Moving down the list shortly, I’m just going to pop off a few quickies here;

  1. DeConcini and Moffet, as far as I can tell, did not go to work for Monsanto until well after they left office. Finding details on this is notoriously finnicky because none of the sites that talk about it do much in terms of citing sources.
  2. Dr. Miller worked for Monsanto decades ago, then went to work for the FDA. Her tenure there (largely in departments barely tangentially related to Monsanto) was 6 times longer than her stay at Monsanto.
  3. Hale has not worked in Washington for over a decade. Apparently she hopped to work with Monsanto not long afterwards. Beyond that I honestly don’t care to research it further; it’s not really relevant.
  4. Mickey Kantor is misspelled, hasn’t worked in Washington for decades, and didn’t work for them until after he stopped working for Washington.
  5. Wheldon and King don’t appear to have any actual capacity for conflict of interest in their roles; I don’t see why they even made the list.

(Well, okay, the claims they make – implying they actually provided evidence would be hilarious.)

And so on, and so forth. I’m sure some of the examples on the list may be legitimate; I’m just tired of searching for the handful that are both up-to-date and where you can say “okay, now we should be worried about conflicts of interest”. I mean, maybe I’m missing the point, but then what is the point of this image? I think it’s trying to imply that there are major conflicts of interest in the government bodies responsible for dealing with Monsanto.


Here’s the thing though. In the most important cases, the link to Monsanto is tangential at best. Most of these people worked for Monsanto for a short while, then worked for the government for far longer. Do you think Monsanto knew that Margaret Miller was going to rise to the top of the FDA back when she was working for them? Do you think they knew that Clarence Thomas was going to become a supreme court justice 37 years ago? The first one on the list that even really raised an eyebrow for me was Linda Fisher – yeah, that was a bad choice. There’s one which clearly has a conflict of interest. Watrud, on the other hand, was brought on as a laboratory researcher – not exactly someone in charge of shaping policy. And a talented one at that – she has a fairly well-documented history of peer-reviewed papers on the subject. And this brings me to one last issue I’d like to bring up. Specifically: where do you think we should find people for these jobs?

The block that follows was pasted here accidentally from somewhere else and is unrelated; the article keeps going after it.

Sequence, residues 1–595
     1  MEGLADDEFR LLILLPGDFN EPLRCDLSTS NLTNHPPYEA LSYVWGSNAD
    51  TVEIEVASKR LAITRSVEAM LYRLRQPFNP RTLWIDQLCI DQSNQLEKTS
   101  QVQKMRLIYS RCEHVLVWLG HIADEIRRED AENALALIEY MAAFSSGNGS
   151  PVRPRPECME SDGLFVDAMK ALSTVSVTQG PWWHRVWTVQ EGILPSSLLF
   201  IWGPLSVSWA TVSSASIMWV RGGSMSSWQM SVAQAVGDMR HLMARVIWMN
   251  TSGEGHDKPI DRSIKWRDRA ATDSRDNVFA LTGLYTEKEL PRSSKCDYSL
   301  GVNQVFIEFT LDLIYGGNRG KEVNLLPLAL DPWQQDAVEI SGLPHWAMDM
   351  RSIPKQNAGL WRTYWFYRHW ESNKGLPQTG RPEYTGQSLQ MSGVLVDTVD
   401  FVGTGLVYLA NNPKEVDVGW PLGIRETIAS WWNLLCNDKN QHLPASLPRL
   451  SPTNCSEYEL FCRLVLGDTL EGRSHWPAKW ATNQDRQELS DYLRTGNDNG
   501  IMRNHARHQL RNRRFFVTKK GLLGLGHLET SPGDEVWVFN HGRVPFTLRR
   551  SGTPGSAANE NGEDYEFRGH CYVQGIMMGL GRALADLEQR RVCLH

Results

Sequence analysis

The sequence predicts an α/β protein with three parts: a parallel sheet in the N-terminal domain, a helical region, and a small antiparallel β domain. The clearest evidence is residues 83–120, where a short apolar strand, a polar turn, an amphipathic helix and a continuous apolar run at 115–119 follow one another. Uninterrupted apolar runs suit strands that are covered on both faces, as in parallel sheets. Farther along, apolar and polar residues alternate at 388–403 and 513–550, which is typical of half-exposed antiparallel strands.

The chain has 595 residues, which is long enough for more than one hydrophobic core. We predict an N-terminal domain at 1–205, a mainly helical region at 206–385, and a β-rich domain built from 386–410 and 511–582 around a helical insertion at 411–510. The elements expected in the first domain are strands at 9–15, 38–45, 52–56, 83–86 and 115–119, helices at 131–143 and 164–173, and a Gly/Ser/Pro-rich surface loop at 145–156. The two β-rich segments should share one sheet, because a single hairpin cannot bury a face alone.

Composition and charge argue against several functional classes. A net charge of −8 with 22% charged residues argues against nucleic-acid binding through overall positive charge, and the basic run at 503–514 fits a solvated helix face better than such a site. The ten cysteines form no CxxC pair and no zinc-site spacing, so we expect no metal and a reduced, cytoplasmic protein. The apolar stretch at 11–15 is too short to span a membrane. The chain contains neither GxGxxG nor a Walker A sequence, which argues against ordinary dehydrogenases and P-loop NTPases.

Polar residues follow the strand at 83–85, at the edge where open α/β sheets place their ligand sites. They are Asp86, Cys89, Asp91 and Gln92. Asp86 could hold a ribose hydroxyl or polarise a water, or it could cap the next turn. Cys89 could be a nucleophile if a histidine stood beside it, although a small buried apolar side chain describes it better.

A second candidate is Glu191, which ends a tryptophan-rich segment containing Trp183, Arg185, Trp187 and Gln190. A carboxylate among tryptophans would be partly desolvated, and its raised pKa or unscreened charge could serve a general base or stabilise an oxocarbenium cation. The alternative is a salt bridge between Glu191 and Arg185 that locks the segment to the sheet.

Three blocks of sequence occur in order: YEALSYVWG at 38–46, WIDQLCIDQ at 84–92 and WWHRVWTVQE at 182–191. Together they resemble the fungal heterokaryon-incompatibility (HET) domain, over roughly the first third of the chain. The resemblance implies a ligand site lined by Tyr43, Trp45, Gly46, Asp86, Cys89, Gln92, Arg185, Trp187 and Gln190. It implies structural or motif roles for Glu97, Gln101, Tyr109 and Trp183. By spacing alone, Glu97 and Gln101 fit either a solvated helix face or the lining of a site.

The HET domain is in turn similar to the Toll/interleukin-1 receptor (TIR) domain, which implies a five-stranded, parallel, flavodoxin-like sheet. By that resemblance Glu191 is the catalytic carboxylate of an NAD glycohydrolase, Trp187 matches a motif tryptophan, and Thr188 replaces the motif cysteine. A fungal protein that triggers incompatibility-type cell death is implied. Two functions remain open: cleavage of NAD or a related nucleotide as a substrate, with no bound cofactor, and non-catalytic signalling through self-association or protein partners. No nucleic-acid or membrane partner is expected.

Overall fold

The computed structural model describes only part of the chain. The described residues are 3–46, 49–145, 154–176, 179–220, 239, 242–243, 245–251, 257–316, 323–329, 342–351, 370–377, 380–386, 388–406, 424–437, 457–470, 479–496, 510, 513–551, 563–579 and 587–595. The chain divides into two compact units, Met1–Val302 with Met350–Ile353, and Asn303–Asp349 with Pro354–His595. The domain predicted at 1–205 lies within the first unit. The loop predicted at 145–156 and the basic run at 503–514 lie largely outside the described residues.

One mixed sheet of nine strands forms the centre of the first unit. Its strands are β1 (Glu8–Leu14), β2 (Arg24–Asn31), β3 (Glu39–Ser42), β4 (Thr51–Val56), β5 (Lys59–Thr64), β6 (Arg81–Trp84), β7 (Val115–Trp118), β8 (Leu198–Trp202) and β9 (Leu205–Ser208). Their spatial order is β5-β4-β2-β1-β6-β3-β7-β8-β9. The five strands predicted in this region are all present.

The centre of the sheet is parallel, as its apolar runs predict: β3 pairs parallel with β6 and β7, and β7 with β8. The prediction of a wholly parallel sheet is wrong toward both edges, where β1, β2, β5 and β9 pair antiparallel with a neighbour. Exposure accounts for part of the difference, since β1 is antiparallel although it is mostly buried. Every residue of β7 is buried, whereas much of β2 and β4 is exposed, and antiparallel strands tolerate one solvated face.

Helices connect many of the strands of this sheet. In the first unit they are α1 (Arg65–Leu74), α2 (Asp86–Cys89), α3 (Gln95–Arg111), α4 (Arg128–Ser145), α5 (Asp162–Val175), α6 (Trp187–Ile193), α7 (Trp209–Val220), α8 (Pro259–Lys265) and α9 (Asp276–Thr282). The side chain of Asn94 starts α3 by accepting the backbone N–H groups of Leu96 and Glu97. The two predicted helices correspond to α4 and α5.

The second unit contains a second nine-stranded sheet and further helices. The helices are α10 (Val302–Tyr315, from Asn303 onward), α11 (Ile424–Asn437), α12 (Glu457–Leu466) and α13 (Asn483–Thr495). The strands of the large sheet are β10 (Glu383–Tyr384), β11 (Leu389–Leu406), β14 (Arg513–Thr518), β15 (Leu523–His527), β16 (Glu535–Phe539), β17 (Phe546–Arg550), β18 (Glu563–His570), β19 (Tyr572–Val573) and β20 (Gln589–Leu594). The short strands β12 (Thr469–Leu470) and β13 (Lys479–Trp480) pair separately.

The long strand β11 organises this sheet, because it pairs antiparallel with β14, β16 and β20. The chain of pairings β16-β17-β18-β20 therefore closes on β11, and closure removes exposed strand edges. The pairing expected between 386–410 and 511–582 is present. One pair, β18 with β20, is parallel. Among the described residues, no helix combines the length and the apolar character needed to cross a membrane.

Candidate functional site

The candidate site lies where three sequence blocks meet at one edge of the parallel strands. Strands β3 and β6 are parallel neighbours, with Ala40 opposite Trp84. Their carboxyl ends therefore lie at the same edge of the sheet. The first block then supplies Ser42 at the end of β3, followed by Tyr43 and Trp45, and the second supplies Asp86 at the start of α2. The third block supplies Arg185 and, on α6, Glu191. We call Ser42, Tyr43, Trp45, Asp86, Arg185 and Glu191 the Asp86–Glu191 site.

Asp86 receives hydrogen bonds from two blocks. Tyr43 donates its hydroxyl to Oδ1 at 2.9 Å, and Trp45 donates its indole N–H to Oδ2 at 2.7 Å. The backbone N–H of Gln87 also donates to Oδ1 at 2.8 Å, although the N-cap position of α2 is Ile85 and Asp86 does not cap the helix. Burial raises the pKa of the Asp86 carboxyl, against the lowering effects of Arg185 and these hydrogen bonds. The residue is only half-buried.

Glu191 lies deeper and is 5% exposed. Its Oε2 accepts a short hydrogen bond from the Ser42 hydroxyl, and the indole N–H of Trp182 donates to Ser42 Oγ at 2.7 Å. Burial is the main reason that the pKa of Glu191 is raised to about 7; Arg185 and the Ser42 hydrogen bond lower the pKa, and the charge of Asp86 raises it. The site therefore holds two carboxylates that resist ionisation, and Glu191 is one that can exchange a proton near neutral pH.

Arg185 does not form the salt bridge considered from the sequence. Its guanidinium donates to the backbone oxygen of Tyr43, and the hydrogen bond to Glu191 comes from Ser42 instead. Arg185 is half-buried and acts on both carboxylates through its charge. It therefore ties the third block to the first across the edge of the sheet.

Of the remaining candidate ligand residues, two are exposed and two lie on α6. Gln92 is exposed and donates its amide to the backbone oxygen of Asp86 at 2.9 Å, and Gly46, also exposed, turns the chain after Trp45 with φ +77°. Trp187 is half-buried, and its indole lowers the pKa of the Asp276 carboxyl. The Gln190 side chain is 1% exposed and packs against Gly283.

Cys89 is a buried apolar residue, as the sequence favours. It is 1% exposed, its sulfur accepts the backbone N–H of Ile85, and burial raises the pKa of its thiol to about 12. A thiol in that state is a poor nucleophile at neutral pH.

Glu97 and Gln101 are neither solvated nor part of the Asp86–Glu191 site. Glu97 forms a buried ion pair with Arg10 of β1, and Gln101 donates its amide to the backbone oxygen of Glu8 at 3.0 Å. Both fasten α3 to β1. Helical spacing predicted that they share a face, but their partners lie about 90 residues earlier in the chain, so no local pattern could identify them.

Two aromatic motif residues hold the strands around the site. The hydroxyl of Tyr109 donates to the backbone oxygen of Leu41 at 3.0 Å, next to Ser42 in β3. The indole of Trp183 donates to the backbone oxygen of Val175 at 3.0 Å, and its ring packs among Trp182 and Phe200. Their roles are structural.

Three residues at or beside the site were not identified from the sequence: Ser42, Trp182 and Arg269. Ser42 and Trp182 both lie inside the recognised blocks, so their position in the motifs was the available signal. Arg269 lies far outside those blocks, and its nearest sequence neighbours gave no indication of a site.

If you are interested in biotech and you want to work in that field, your options are basically universities, large-scale corporations like Monsanto and DuPont, and government. Is it any major surprise, then, that people with an interest in the subject and an interest in government end up working for these major companies (which tend to pay significantly better than universities), then for the government, and then (if they stop working for the government) for these companies again? And if you’re in the government and looking for talented people who know biotech, where would you look? Well, universities and biotech companies. These are the people who know the material they’ll be working with. This is not the huge problem many make it out to be. It’s only among the wackjob fringe that “conflict of interest” becomes an instant disqualification criteria. Disclosed conflicts of interest mean that we need to make sure that the people do their jobs correctly and correct for that conflict; it doesn’t mean that we should scream and stomp our feet until we find qualified people who have never worked at the large companies in the relevant field. Because that’s what these people seem to be demanding!


Of course, this list isn’t even that. It’s full of bogus accusations of bias and conflict of interest based on tangential relationships or short-term jobs held decades prior. It ignores entire illustrious careers, ignores relative positions held, and simplifies it to “this person worked at monsanto, then in the government, therefore CONFLICT OF INTEREST”. It’s asinine in the extreme. On a side note, I wonder what this list would look like if we talked about the oil industry. Probably quite a bit longer, eh?